Musicians Hall of Fame Backstage: Garth Brooks

Musicians Hall of Fame Backstage: Garth Brooks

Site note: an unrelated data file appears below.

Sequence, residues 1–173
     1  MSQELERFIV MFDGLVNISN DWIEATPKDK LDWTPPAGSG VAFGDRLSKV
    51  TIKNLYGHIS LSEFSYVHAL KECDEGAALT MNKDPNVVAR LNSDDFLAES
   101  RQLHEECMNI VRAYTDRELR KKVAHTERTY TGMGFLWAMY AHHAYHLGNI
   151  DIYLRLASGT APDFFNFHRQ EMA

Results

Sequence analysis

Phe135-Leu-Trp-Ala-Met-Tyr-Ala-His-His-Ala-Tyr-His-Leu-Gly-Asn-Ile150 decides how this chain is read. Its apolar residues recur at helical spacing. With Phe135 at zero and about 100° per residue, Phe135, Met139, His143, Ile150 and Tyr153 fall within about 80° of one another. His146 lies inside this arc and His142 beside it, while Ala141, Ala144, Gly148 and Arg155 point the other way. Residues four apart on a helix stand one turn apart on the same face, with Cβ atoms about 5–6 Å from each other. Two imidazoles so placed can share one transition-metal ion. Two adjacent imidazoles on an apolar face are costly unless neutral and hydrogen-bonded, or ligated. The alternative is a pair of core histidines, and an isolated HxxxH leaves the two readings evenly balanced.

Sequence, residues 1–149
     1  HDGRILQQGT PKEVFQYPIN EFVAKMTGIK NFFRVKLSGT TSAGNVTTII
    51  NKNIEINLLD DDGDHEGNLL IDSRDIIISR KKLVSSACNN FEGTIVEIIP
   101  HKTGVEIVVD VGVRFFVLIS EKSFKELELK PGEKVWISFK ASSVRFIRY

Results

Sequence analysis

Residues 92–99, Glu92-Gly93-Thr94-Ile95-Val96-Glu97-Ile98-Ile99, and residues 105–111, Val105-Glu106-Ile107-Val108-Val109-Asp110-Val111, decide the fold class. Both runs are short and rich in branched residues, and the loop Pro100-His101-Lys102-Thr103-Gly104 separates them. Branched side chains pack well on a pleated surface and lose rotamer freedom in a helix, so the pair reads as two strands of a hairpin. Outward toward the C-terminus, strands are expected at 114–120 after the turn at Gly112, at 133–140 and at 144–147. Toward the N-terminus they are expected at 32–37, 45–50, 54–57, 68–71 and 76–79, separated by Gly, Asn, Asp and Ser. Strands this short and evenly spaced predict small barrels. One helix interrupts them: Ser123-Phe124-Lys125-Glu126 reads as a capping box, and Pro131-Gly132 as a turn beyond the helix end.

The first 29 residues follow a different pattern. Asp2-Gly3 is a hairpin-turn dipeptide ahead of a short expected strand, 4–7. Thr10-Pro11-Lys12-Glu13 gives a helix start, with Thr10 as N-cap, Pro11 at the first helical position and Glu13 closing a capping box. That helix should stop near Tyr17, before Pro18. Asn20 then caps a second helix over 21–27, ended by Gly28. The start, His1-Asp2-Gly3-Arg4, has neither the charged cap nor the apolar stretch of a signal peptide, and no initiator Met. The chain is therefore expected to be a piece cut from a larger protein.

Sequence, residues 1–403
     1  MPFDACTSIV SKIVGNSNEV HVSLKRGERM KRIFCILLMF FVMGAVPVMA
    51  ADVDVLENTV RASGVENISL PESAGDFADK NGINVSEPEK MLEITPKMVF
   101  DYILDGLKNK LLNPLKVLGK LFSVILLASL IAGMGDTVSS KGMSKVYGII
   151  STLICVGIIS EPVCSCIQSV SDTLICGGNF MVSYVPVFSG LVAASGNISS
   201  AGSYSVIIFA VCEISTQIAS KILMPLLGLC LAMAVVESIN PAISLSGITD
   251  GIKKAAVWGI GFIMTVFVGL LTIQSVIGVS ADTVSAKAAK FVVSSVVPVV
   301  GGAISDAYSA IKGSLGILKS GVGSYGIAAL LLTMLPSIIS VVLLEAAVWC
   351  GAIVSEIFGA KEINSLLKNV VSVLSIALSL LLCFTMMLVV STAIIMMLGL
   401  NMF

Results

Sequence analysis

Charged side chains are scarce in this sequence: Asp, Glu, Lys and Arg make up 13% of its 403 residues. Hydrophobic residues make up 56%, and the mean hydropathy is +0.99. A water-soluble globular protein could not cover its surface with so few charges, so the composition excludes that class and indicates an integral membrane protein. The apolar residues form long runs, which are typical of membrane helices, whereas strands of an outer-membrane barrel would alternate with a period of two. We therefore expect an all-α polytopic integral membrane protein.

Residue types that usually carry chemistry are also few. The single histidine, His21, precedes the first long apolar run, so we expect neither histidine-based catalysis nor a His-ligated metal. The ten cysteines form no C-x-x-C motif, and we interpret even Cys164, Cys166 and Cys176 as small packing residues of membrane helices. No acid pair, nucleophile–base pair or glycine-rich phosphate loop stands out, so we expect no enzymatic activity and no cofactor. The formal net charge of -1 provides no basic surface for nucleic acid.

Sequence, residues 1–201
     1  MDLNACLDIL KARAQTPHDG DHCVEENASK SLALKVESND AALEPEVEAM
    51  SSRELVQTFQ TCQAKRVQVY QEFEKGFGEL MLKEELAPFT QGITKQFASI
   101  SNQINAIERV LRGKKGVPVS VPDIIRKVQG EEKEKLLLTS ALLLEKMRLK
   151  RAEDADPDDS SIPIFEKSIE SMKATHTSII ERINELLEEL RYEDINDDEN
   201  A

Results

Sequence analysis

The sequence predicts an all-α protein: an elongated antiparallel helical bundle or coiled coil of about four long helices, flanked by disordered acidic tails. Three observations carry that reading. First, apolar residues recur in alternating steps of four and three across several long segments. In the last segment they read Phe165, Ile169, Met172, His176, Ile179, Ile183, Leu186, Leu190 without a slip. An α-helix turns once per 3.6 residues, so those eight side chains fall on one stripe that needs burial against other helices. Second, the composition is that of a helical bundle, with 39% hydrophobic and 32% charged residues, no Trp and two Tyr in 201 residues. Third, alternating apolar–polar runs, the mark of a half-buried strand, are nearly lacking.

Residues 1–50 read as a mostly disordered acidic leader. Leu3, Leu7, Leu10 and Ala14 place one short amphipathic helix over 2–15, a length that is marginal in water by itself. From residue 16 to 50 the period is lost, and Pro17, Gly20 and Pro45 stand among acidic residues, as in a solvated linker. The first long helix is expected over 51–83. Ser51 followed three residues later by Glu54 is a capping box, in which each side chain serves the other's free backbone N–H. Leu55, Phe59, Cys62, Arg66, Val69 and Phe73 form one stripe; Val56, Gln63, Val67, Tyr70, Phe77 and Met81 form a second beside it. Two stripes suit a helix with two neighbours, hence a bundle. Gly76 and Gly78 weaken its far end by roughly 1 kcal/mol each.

welcome to the musicians Hall of Fame backstage I'm Joe chambers this week's guest is the biggest settling single artist of all time he sells out stadiums concerts all over the world breaks every record there is to break in the music industry and one of the best people I've ever met in my life Garth Brooks when we come back Garr thanks for coming that's an honor I really uh I don't know what I did to deserve getting the number one selling artists of all time on the a show that had been on the air yet as of this taping but I can't thank you enough as always you always come through so it took two hours to sell just seventy-nine thousand tickets are you worried that's unbelievable I mean two hours and that's a record break everybody's been everybody's been very sweet to us I'm here today simply to say thank you for you you have shined the light on the true Hall of Famers in this town there's not an artist that's in the Hall of Fame across town that's alive that won't sit here and tell you the real stars of the music industry are these men and women that play these unbelievable tracks are these songs that people will have children to get married to have as their first date or their anniversary songs these are the true superstars and it's an honor to be here thank you for making sure they they get the light they deserve say that's that's why Garth is Garth that's that's why everybody loves you because that's what you you always put other people first well they're there the reason we stand here you know sitting here thinking about this stage and thank you again for something else that's the last time I saw my chapman was right here on the stage last time I hugged his neck and it's the last time I ever will in my lifetime I see him every day when I close my eyes but so thank you again for that was a special day now again that was your idea too for those who don't know Mike was the bass player with what is known as the g-man the Garth man I guess played on every record you've ever made yeah Alan Reynolds and I talked about it and Howard said you know I'm not too I'm not sure about this using the same players on every record I said listen this is why I would request it is because once you get to know these guys you can embarrass yourself around them try and then I think what Alan what's but what me and years job is is to make sure they reinvent themselves every record push them push them and the guy that probably reinvented himself the most I would think would have to be Ravi Jake is a fiddle player and probably loose injure the guitar player he just he always stayed current but he always stayed solid and with that foundation or kind of a rock kind of get to are that he plays out of Memphis and Ernest uh I think that's the definitive Garth Brooks sound well you got a you had a road band which is now with you yes on that and now you're doing this since we're on the on the musicians already the you have there's there is two different kinds of musicians there's there's a studio musician and then there's a road musician great a lot of people you know think of a studio musician is one that you know it's the one that comes up with your original riffs that we remember right and then the road musicians our job is to recreate it but they actually have to do more than just recreate it because they have to knowing when not to play is as important as knowing when to play and for a session player but when you're you have to fill a stadium you it's a whole different ballgame right yeah but space is always the most valuable player always and I think that's probably where if music ever misses it's because of the producer of the artist of the player misses that point right there so Alan Reynolds king of space and what space allows you to do is allows you to get inside the music with it and wear it and feel like it's you and kind of own it you take the let's perfect example we were talking about this today off we're open the wind album there's a song called rodeo that was a single for us on the record it's it's a good record the Chris LeDoux said it best he says the way that thing sounds alive that's rodeo right there and so he ran that come from him pretty cool but you're right the solos have to be less polite when you're playing it live has to grow some hair and the drummer the drummer has to be a freaking machine dynamics on a studio record up and down live those dynamics flatten out a little bit or if anything they just get louder and so yeah so two totally different players usually and the reason why is it's two totally different approaches so when you when you get used into town I asked me this real quick I feel like I remember we had heard or people said you came to town and then you left like one day what can you can you say why you turn around the left sure man you scared like all of us you know all of us have when you talk about guys and go man why is that guy so so not nice whatever ten times out of ten it's gonna be because he's scared we all are so I moved to this town scared like everybody moves here and really thought I was really naive to think someone would hear me say hey here's a million bucks go buy your folks a house and we'll what kind of record and you get here and I was hoping to find straw hats and gooseneck trailers will be you know cowboy USA and this is more the suit-and-tie part of it that was a little tough for me to handle because you know I handled a little bit of the business end of honky tonks we played back there but a guy named Tom Skinner in the group kind of handled more of that and Jed Lindsey those guys were good at that so when it came here I realized how alone I was mm-hm and left vowing to come back and I think the big difference when we came back was in the first day I met Stephanie Brown which in turn introduced me to Bob Doyle and Bob Dole is the reason why him and gods the reason why I'm sitting here today bob is one of the when I met Bob he was that a scout yes same with me and I was before you were here to kick the other brother the other room and kicks never changed either you know and in Bob is never changed he's always been the same nice guy that he was you back then so when you so you come to town you meet Bob what was the next thing people want to know you know what happened next you know well with Bob nothing happened next this was a this was a hard thing for me to understand while it was going down I met Bob and then I didn't hear anything from him for months and finally he reached back out to me and I said partner can you tell me why I haven't heard from you in a while he said I wanted to see if you were gonna stay it's good I was working three jobs he saw that I was hungry for it I didn't miss a writing appointment so he came to me and said hey man what'd you think about signing on as a publisher a publishing deal I said sure I don't know anything about him all I knew is it paid my rent three hundred bucks a month hell yeah what year was that 1988 so it's paying my rent I'm working now two other jobs plus a publishing job to just try and keep her head above water here and it's pretty good then from the publishing from the writing thing he decided hey I think we could go for an artist deal and that's when I told him I didn't come here to be an artist I came here to get much too young to feel this damn old cut by George Strait that was my that was my whole goal if that happened I'd drive back home bro Coleman and be happy that's what I thought so it came here and it was pretty cool when we were lucky enough to get inducted into the Country Music Hall of Fame they told this story right and they said you know he came here not as an artist but as a but as a songwriter and wanted my George Strait to cut much too young to feel this demo he said so and you have no idea what's getting ready to happen over there because your wife and the Hall of Fame kind of planned it all and they said please make welcome to sing much too young for this demo George Strait I couldn't believe it my jaw fell on the ground here comes George he looked great and to hear George Strait seeing that one line a worn-out tape of Chris LeDoux my night was made it was good so that's I came to this town to try and be a songwriter and just wanted to get a song cut by George Strait it's still a goal I have yet to accomplish that I would love to accomplish so how what was it what was the next step so they got you in with Alan and then recording so Bob dual took me around to all there were seven major labels at the time and the seventh label all seven labels passed oh there was um no they felt like George Strait was already here because I got him Clint Black that was out that was just killing everything and I had an NSA I a Nashville Songwriters Association thing to do and I didn't want to do it because they'd all passed on miss there's no reason to do it Bob says you're gonna keep your word just go play the gig okay but what I'm going to do is I'm going to show up early in case somebody's not that I'm supposed to go on like fifth or seventh and in case somebody doesn't show up I'm getting early and I'm getting out of there sure enough Ralph's Murphy the Canadian artist he's in the Canadian Country Music Hall of Fame he did not show up for that second thought and the producer of the show saw me and said hey man would you go on and Ralph's spicy you bet you won up there played was thinking I was getting ready to get out of there when Lynn Schultz from Capitol Records came up to Bob and said how did we leave this thing and Bob what he said and that next second chased everything what he should have said was you guys passed on us but what Bob said was Lynn you said you'd get back with us they had passed on us already and Lynn said you know what we might have missed something why are you bringing in so here goes so when we get our record deal the first guy I go to is a guy that's been mentoring me this whole time Jerry Kennedy because I know it's boy Brian and hanging around of course everybody knows Gordon because of the guitar work and the songwriting thing he does and then of course Shelby is already working his way into administration in this town so you knew the whole family and when we went over there to tell him we got signed by Capitol he said I'm out only what says I'm out on because me and those guys don't get along I said are you kidding me just know I said well I don't want to do this without you he says look they're gonna give you a list of about 10 names producers bring that list over to me when they do sure enough they gave me a list about 10 names he went over there circle them circle and circle him he said any of these guys can see you take it one of those five names he'd circled was Alan Reynolds Alan was the first guy that could see us so we went over to what was Jack's tracks at that time moved 16th and Horton Bob and I went upstairs talked to Alan when I came out the room I looked at Bob I said no offense the other guys but if that guy wants to take it on cuz that's a good dude you could just feel it when he met him and it was good and so that's how it began for us and Alan Reynolds was so sweet he said uh tell you what I'll produce three songs on the guy if the label doesn't like him I'll buy him I'll eat him they'll be gone and for somebody didn't have any money that was a big was a big huge step and I said thank you I'll take you up on that and it was cool and at first the first song we cut was not counting you which turned out to be the first song on the first album and the opening song of the first tour so that song as little attention as it gets played a huge role in our career Allen signed you or takes you in how did you get the g-men so Alan I've sending us we were talking about players I said Alan there's only one guy that's been on every session for me demos everything that I need is he he's the bass player and Alan kind of smiles at me and he says the only guy that I'm going to hold tight on is the bass player too I thought well we're dead and not I said it was my Chapman and he it's cool he spun his paper around push it over and in base he has my chain so that was a good thing right there that's when he told me about Mike has a brother from another mother kind of thing a guy named Milton sledge kind they breathe in breathe out together Muscle Shoals guys he says I use a guy named Chris loose injure on all the crystal stuff he says I really feel like he's got a sound that's untapped and can go a lot I can expand out a lot further that you want to go I said okay he said how about piano playing he says it's got to be Bobby would he said Bobby Woods got to touch the you like because you know you're doing kind of guitar demos with him he said I'm gonna try again named mark Kass Stephens on acoustic and we tried mark and he also liked Christopher Johnny Christopher and he also liked Pat Alger who was right in the building as a rider for him anyway and funny we ended up using Christopher and Alger on the thunder rolls and used Johnny Christopher unanswered prayers and then broadcast Stephens back to overdub on it and kind of stayed with cast evens from there forward and then the only guy that you know had left were the two specialty guys Steele and fiddle and he'd brought in Buddy Spiker buddy spike was a great guy but Rob had done all of our demos of course and so he said you want to give your guy a chance I said I'd love to Rob came in and Alan just fell in love with him they communicated very well come to find out Rob is classically trained talk about a hillbilly fiddler but he's classically trained so him and Alan work on perfect wavelength and then Bruce bouton steel player he had done some stuff for Kathy Mattea which Alan was doing as well and he said this cat's got a really kind of a smooth style and he can play all kinds of Steel styles from western swing straight country and he's from the east he's from Virginia so he also knows the Appalachian stuff and stuff too so it was cool man and that was the assemblance of the g-man the seven guys one of the most important one though was the guy that sent the board there's Mark Miller mm-hmm and Mark was just somebody that that how and found that loved music was a guitar player himself and a good one but they got along great and Allen trusted marks hearing from Mike miking stuff and also his his specialty was mixing man unbelievable mixer and Allen would never let him use automation so he had to play his board like the guys played their instrument so when we all sit up here on the stage I looked around and said this is good that all these guys were included I forgot one guy in the whole thing that should have been in with the g-men because without without this person my sound would not be what it was I looked right at her in his Tricia she sang on over 77 songs of ours of the first hundred once so she has been that Garth sound forever that's that harmony that's that sound and that's the only regret I had from that night was she should have been in on it because man background vocalists and even though she's an artist or so background vocals like Patty Loveless is defense mmm you don't get to where you're at without those singers on those voices same way you don't get to where you're at without those guitar players those drummers so that was my only miss for the night but that's the g-men including Mark Miller and Alan Reynolds and just I'm lucky to have known them in a pretty damn good time for us and for country music I think everybody feels the same way when you came in the night we did your benefit for the kids yes that was he said you just walked in you kept walked in the back door you said um have you seen stardom 10 feet from story on 10 feet yeah you were talking about those thing or ting that was everything that's everything mana that's why I love the movie Ray Ray showed you exactly what the difference was and that difference is what get you in the door you know you got to carry the ball from there and hopefully there are people that'll help you if not you're dead but that reference those guys that were willing to play those licks on not counting you that whole start pounding down and uh very non-traditional country but became very traditional country from that all the way to the dance that record was a big variation fences would come and fences be even more of a variation from thunder rolls to wolves and everything in between so these guys were pushed to the limit to recreate themselves and reinvent themselves and I think they answered the call brilliantly when we come back just a second I want to talk about to dance good see in a second the musicians Hall of Fame and Museum has been celebrating the men and women who make the music of our lives since 2006 the musicians Hall of Fame is the one and only Museum in the world that honors the talented musicians who played on the greatest recordings of all time it's a music video it's and where else you gonna get the Casio the cuts are in this room the Grammy Museum gallery at the musicians Hall of Fame is an interactive facility that allows guests to explore the process of making a recording take drum lessons with ringo starr sing onstage with Ray Charles write a song with Desmond Child rap with Nelly or be Garth Brooks in our recording studio experience located in the heart of downtown Nashville in the first floor of the historic Nashville Municipal Auditorium come see what you've heard at the musicians Hall of Fame and Museum hi i'm tyler rudesheim director of events at the musicians Hall of Fame and Museum located within the historic Nashville meanness wada tour iam the musicians Hall of Fame and Museum is one of the most unique spaces in downtown Nashville offering a versatile environment that caters to events of all sizes your guests will love this truly national experience we specialize in corporate dinners music industry events receptions and more contact me today to book your next event welcome back to musicians Hall of Fame backstage with Garth Brooks Garth we were we finished talking about the dream Inn for a minute here but you mentioned the dance which is just it's not just a mother song I mean it crossed every boundary people have used it for so many different moments in their lives you know and it is so true and it's such a great song I want some of that something also on what do you what how did you find that song and what what makes you pick a song what what is it thou did you know what song is going to be a hit you've had a pretty good track record of picking them well Alan Reynolds always Bob Doyle the greatest song men ever but it's a pretty simple thing and I think being normal might be one of the most special gifts you can ever ask for being the guy next door might be a superpower for a guy like me because if you like it if it hits you then hopefully you'll like it he'll like it everybody will like it so that's that's I think that's the deal I got lucky really off the top for people to show me hey if you like it we like it and so I just started doing things that I liked so I'm at the Bluebird Cafe Tony errata is playing and Tony errata starts the dance oh wow so I come up to him I said man I don't if I ever get a record deal I love I'd love to hold that song and you know a sweet we got a record deal I called him up he let me put it on hold and then I never knew this till 30 years later when we were doing the anthologies it's the first song he ever got cut and I thought Tony errata had had a million songs cut in this town so that was cool but the dance is the perfect picture that shows the difference between a studio player and a live player Bobby wood created the dance one time pass done but Bobby wood could never play it again because that's his job he just comes up with the licks goes on here's the next song but in front of you come up the licks so Bobby Wood is petrified to play the beginning of the dance in front of an audience because he's done it once and that's usually what a studio guy does where a road guy thrives on it because he knows they're gonna come alive when I played these notes and I'm gonna be Superman but a studio guy played it once let's move on let's go make some other records so he said Reggie Jung said that he said he was with the highwayman and he said you know they asked me to go on the road with him I had to go back and learn what I had made up I didn't know you know and he said it was hard it's very hard because you can't mess it up yeah that's the thing in studio guys see you guys if they mess it up oh let me take that again but live guys you get one shot in and as it goes by and these people what I love about what people describe is fans what I love about them I'm a fan and I know the solo of my favorite song like I know the lyric of my favorite song so when you step up to play it I want to hear it played that way but just a little more angst in it a little more muscle in it that's habla of Tom Petty's band a they played everything like they did on the record yep except like you said it might have just a little more gas you stay home and listen to the records so give me just a little more sure girl give me a little more cheese let it taste even sweeter than it is when I go over the records you just use your gut feeling for for a song just if it touches you you feel like you have the ears of the public yeah there's no acquit because the second you start putting math of this thing it's going to go down the second you start trying to chase something like you alternative or burrow country these guys have got to be who they are so let them do that that's not your thing my thing is just I don't know Garth music whatever that is kind of a mix between George Strait we're so do James Taylor Boston Queen Fogelberg all these all these things buck Merle George all these ingredients are in what gave you the I mean to be son took in an airplay on country radio pretty much that was so bill ballsy thing to do to fly over the audience and you know and all this stuff that you'd see at a rock concert but it was they wanted it and I you know another thing try to remember that before you ever do this you're a fan so I'm a fan of country music so I know what I want to hear on the other than speakers I'm also a fan of live concerts so I know what I want George Strait can walk out there I can stare at him all night seeing every word of him he's fine in the other hardest I'm probably going to get bored with it right George gets away with it I worship him right so you go see Seeger Seeger now even though he's like in his 70s now left side of stage fright side the stage he's all over the place played piano playing guitar there so your guy I love Seeger go to Bruno Mars Bruno Mars gonna lay down some dance and you're gonna feel like the squares widest guy in the building and you're gonna have a great time you know so it's it's pretty cool of knowing what you come there for and I think people come to the Garth show to sing like they're the only person in the building to watch these people close their eyes and they flail their arms and the people around them are doing this because they're just having the best time it's the greatest thing that you could ask for being a musician on stage our whole staff and thanks for taking care of us at the last concert here and yes and I've never seen anybody command an audience the way that you do and the things you just said a minute I think everybody there thought that you were their friend and you probably do know probably half on my own yeah I remember half their names because I've never many buddies names like you know can tell you what they are right though I am their friend and I am the most grateful guy in the building hopefully when people go what do you want for your legacy I want people to think that I really was thankful for what I got to do because you watch this business before you ever get in it it comes and goes quick how did you even have the guts to leave and I mean you know the guts to leave what Oklahoma well not Oklahoma but just leave what you had here and then come back oh well you know what you raised your kids the retirement pay yeah I mean and then and then it came back and it didn't it's like it's kind of when the Eagles left I mean they're bigger than they wore I think you're bigger than you wore when you left do you not feel that way people are awfully sweet to us man they they they let us play the new stuff they come there for the old stuff and then they make you feel like the new stuff sounds like the old stuff for them so it's it's a sweet gift to give yes they were louder than they were in the 90s they were crazier than they were in the 90s they knew the music better than they did in the 90s and I just had to pinch yourself going this can't be happening so so we feel very very lucky that that our second time around has been a sweet if much sweeter than the first time you know the thing is we did an exclusive deal with Walmart at a time in our career and in one sit are you crazy I said no Walmart does 80 something percent of all country music sales I would be crazy if I was going to a company that did 20% right so it's not crazy so when people go were you crazy to retire at the end of the 90s where the 90s were everything to us so no if you've ever been a parent there's nothing better than being with your kids nothing so I wasn't leaving something to step down or sacrificing I left and I got to step up and if that offends people I'm sorry but that's if you've ever been a parent there's nothing better than that and all the arenas the football stadiums are selling out like in record time yeah and I never thought a stadium could be as warm as an arena they were thought arena could be as warm as a honky-tonk but you saw them but now to get to be touring with the love of your life with your best buddies that were from college on and people are showing up and showing up in the way they're showing up more than ever man that's a that's a lucky man that lucky man's name is mr. Yearwood man again I I wouldn't I would sit here for for a week if you would but I've enjoyed myself I've I really can't tell you again how much I truly appreciate everything that you've done on camera and off and and I just want to thank you again I can't tell you how much I appreciate it thank you man I know I speak on behalf of all these guys Thank You Man thank you for trading your life and your family's life cuz they're everywhere to make sure light shines on these guys that have been put in the dark something because they're not the head honcho in the bunch but there are no head honchos without these guys see you next week on musicians Hall of Fame backstage [Applause]